One note of assurance is the statement that the putative Palestinian state must border Jordan. The implication is that Israel isn't entitled to the Jordan Valley, something that gets glossed over in just about every discussion about the region.

Unknown said...

Jerry -- As much as I understand and appreciate your point of view, I would think that President Obama will be criticized NOT for being sufficiently sensitive to the needs and rights of the Palestinians, but for being TOO MUCH so. He has gone far far far more to the "left" than any of his predecessors, period, and I think he should be applauded for that. Sure, it is a good idea to "keep reminding" people of some things -- but this speech showed real progress. IMHO! Yrs as always...

Aron said...

bacci40 -

If Israel believes that the Arabs of 'faux Palestine' are so lucky to be under Israeli rule, and Israel so sure that it's sovereignty should extend beyond the 1949 armistice lines, why doesn't Israel simply declare sovereignty over the all of eretz yisrael and incorporate those arabs legally under its benevolent rule? Could it be that the situation is a bit more complicated?

What Obama says is one thing, and not very impressive. But he clearly will do nothing in his power to assure honest negotiations based on pre 67 borders. His words are empty and his policies effectively the same as Bush II.

Sheldon Richman said...

We must keep the full context in mind. Palestinians are not occupying Jewish land.

Anonymous said...


i take it that your parents didnt provide you a jewish education...very sad

its not too late, you still can study torah

and you will learn that the arabs are indeed occupying jewish land

as to aron's query...i dont know...they should have annexed the west bank just as they annexed jerusalem

and they then should have petitioned the international community to allow them to do what the czechs were allowed to do to the ethnic germans residing in their borders

guess they figured that since the arabs seemed to have no problem with being occupied by jordan...they would have no prob being occupied by israel

John Welch said...

Looks like Netanyahu, a member of the Republican Party, disagrees with President Obama. Surprise. Disagrees because Israel has planted settlement after settlement on the land it conquered from the Palestinians in 1967.

These are "facts on the ground", in Netanyahu's phrase. The facts in the air, in Netanayahu's wishful thinking, is that the US should give "treasure and blood" to defend that conquest.

Why? Yes, I've seen the tee-shirts that say, "Don't worry, Israel...America is behind you", showing an American fighter-bomber. But that's just advertising just tourists.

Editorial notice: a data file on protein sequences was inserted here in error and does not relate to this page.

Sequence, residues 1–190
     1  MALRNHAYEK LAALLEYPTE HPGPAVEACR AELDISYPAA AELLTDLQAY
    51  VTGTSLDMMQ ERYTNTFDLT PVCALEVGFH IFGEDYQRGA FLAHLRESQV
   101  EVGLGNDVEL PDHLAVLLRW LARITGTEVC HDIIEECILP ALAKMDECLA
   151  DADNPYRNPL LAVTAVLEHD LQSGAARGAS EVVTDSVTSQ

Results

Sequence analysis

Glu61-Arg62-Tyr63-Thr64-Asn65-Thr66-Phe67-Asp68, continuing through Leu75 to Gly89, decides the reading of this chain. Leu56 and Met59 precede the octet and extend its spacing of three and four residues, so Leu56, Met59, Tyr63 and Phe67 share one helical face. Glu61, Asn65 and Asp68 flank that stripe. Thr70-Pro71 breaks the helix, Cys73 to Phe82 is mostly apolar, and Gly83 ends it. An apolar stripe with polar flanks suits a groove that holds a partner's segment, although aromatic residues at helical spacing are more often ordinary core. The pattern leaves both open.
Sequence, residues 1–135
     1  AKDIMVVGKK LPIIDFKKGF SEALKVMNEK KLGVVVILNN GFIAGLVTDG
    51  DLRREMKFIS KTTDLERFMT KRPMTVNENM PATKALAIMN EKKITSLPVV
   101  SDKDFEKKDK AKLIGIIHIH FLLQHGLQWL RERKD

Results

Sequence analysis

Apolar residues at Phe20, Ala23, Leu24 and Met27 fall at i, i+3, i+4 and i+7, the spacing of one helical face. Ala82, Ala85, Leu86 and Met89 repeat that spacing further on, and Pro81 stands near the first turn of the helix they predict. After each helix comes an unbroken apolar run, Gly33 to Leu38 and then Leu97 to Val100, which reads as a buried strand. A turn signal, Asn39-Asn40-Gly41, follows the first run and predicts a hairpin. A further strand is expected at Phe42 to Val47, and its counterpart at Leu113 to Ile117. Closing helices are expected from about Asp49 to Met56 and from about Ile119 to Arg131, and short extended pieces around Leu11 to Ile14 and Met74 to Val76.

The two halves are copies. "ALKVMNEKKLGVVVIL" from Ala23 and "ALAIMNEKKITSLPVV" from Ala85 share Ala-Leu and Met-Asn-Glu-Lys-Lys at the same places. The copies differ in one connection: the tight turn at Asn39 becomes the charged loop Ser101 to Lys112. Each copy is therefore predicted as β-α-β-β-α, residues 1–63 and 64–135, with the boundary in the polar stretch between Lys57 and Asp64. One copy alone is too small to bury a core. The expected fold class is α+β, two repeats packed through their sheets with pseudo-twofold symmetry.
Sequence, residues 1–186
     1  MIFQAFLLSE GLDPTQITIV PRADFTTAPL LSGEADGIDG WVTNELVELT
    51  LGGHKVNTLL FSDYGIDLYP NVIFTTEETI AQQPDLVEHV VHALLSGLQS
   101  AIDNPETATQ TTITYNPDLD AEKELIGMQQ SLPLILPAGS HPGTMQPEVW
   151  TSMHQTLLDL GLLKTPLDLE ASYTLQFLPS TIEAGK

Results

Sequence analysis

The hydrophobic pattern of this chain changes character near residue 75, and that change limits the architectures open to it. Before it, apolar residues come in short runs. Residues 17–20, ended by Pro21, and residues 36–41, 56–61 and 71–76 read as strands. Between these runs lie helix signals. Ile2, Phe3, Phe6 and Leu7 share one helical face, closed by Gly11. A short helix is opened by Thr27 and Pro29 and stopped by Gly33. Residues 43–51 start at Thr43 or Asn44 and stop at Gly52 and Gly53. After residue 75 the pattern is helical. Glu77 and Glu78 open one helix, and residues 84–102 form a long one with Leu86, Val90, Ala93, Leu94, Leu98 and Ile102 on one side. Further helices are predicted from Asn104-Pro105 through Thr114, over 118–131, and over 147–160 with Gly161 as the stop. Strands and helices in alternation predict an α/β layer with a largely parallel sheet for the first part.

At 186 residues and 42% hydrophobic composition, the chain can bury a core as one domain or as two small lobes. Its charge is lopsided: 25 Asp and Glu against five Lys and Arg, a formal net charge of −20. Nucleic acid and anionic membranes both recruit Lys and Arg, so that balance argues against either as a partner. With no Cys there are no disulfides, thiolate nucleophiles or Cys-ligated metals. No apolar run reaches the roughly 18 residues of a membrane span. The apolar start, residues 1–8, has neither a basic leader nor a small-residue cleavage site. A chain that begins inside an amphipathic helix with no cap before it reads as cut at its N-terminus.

"The slogan 'Jewish State' (or Commonwealth) is equivalent, in effect, to a declaration of war by the Jews on the Arabs" [journal note by Chancellor of Hebrew University, 1942].

Netanyahu agrees in 2011, but seems to believe that perpetual war is a good thing, and that the US will support that perpetual war.

Again: why should we?

Ben said...


Actually, if we're making criticisms of that sort, it might be your parents who didn't provide you with a Jewish education (as opposed to a Zionist one). In the Jewish tradition, the land in question is God's land, not 'Jewish land'. (See, for instance, Lev. 25:23.)

And the eliding of those two is characteristic of Zionism's radical reconfiguration of Judaism.

Anonymous said...


when allowing posts of your commentators that use biblical references, you should be good enough to explain to them what those pasukim are talking about

ben...the supposed learned jew, just referenced a pasuk that deals with yovel and why a jew is not allowed to permanently sell any of the land to a heathen

he just proved my point...not his own

Jeffrey Goldfarb said...

The speech is was a first step. Now for the second.Gershon Shafir offers his judgments.

LeaNder said...


any arab claiming to be a palestinian

As a lefty I always appreciate spiritual guidance. There is no such thing as Palestinians, right? They are all impostors?

But what parts of Jewish scriptures make sure that these Jewish & Israeli cititizen are included in the sacred gift of land ownership amd superior rights?

I am not absolutely firm in Jewish scriptures, thus I need a little help. Does this example ulitmately mean, it would turn thenon-existant Palestiniansinto real Palestinians, if only they collectively converted? Would they than not be guilty of claiming "false matter" anymore and could be allowed to return to the land of their ancestors. Or would their ancestors need to be Jewish several generations back? How many?

LeaNder said...

guess they figured that since the arabs seemed to have no problem with being occupied by jordan...they would have no prob being occupied by israel

Now this is a very interesting part of very interesting comment.

Can Arabs-occupied-by-Arabs be aaid to be occupied at all? Please explain.

Ben said...

bacci40, I was referring to the second half of the verse, where God says to Israel: "for the land is Mine; for you are strangers and settlers with Me."

So the bit about 'God's land' not being the same as 'Jewish land' still holds for those who haven't equated 'divine will' with 'Jewish national egoism.'

We can talk about halakhic details as well, but it doesn't help if you're starting from a conceptually self-divinizing point of reference.